While the unemployment rate stays stubbornly close to 10% and is expected to do so, other job market indicators seem to be looking up.
Initial jobless claims, a measurement of the number of jobless claims filed by individuals seeking to receive state jobless benefits, in the week ending May 8, after adjusted for seasonal factors was 444,000, a decrease of 4,000 from the previous week's revised figure of 448,000. As weekly fluctuations can be volatile, 4-week moving average is often used . The 4-week moving average was 450,500, a decrease of 9,000 from the previous week's revised average of 459,500.
Events of extended mass layoff and the number of separations (workers who are let go for more than 31 days from their jobs) in the first quarter 2010 declined sharply from the same quarter last year. There were 1,564 mass layoffs and 221,150 separations in the first quarter 2010 compared to 3,979 and 705,141 respectively a year ago.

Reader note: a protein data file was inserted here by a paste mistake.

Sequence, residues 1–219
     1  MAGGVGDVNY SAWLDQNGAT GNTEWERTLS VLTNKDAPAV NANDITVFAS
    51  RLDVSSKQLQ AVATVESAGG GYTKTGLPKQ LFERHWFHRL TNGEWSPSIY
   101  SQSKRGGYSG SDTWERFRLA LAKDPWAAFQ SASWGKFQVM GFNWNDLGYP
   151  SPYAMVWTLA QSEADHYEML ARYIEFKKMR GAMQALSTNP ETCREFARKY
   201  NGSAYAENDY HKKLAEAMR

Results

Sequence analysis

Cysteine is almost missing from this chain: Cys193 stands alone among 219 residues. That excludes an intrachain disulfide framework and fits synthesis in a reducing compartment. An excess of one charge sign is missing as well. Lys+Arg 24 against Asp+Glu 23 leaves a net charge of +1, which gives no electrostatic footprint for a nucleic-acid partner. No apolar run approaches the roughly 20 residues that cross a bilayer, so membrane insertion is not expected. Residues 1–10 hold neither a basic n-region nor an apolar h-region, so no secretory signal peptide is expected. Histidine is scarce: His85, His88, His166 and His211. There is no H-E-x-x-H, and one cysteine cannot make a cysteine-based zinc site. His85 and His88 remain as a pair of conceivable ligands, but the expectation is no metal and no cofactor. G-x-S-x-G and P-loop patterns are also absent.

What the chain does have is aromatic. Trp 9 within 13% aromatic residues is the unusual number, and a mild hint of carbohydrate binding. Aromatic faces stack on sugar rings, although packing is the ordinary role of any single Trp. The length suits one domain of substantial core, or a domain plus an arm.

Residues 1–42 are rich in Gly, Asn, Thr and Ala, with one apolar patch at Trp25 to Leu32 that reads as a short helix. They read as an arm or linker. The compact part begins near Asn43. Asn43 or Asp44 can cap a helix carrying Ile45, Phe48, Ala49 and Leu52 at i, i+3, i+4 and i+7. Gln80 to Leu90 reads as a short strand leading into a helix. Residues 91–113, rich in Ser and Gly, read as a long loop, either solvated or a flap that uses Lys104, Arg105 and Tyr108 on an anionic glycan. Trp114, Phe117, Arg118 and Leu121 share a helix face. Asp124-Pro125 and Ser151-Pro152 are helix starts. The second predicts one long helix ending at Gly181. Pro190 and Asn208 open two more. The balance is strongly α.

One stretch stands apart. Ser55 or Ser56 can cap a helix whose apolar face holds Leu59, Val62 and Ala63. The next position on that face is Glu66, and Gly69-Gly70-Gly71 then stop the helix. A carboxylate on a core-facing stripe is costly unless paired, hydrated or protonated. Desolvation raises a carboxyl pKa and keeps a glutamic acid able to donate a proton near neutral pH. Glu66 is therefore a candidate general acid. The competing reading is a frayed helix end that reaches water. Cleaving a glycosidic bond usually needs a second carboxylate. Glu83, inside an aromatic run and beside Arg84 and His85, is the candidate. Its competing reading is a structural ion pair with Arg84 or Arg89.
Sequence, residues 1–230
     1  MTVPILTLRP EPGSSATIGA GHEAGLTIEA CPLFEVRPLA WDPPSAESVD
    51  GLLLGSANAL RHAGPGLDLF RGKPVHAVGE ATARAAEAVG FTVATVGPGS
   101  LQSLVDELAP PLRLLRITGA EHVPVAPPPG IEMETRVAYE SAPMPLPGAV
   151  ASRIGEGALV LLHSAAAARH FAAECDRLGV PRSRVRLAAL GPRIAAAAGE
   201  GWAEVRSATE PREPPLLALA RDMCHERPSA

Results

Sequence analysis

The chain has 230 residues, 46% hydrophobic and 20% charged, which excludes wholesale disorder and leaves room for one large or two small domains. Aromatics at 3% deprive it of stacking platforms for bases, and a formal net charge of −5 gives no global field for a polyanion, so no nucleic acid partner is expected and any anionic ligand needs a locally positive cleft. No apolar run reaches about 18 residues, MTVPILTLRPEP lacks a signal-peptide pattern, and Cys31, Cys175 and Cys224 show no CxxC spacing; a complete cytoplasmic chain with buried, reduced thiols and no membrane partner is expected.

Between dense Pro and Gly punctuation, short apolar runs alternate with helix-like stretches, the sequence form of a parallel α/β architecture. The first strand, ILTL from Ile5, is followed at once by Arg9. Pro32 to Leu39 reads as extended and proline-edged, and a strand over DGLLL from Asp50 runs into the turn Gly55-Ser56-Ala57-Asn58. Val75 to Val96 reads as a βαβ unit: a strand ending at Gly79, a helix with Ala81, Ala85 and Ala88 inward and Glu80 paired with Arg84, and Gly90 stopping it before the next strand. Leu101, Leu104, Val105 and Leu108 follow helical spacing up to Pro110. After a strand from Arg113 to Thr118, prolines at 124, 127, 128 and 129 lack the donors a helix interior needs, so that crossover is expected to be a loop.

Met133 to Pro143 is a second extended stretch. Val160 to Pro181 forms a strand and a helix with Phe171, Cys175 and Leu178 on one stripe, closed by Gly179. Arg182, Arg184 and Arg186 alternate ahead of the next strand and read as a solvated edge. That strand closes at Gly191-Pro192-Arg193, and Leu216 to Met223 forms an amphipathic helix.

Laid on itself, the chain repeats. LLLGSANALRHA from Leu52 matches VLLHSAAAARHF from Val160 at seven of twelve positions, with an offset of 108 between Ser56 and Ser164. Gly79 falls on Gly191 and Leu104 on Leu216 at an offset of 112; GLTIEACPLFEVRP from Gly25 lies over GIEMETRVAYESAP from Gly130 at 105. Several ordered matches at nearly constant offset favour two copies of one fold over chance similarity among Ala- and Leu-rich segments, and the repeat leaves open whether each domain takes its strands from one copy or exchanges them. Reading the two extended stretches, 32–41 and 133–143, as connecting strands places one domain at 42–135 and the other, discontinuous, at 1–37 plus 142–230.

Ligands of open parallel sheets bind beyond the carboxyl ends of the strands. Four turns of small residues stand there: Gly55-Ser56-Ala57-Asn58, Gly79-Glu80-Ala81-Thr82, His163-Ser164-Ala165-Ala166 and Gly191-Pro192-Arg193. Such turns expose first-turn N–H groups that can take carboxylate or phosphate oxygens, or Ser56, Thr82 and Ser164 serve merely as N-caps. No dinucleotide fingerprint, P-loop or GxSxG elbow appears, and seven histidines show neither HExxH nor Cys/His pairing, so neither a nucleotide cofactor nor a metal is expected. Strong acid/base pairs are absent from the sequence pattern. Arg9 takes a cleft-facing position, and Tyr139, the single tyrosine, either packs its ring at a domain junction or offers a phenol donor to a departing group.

What is more encouraging is that 42 percent of employers expected to recall at least some laid-off workers,
up from 25 percent a year earlier.
The adverse blow of economic conditions to the job market has also subsided. Among the seven categories of economic reasons for extended mass layoffs, business demand factors accounted for 41 percent of events and 38 percent of related separations during the first quarter of 2010,down from 54 percent of events and 48 percent of separations in the same period a year earlier. Separations related to business demand factors decreased over the year by 250,749, or 75 percent. Within the business demand category, the largest over-the-year decrease in separations was due to slack work/insufficient demand (-205,424).
So, are workers seeing lights at the end of tunnel yet?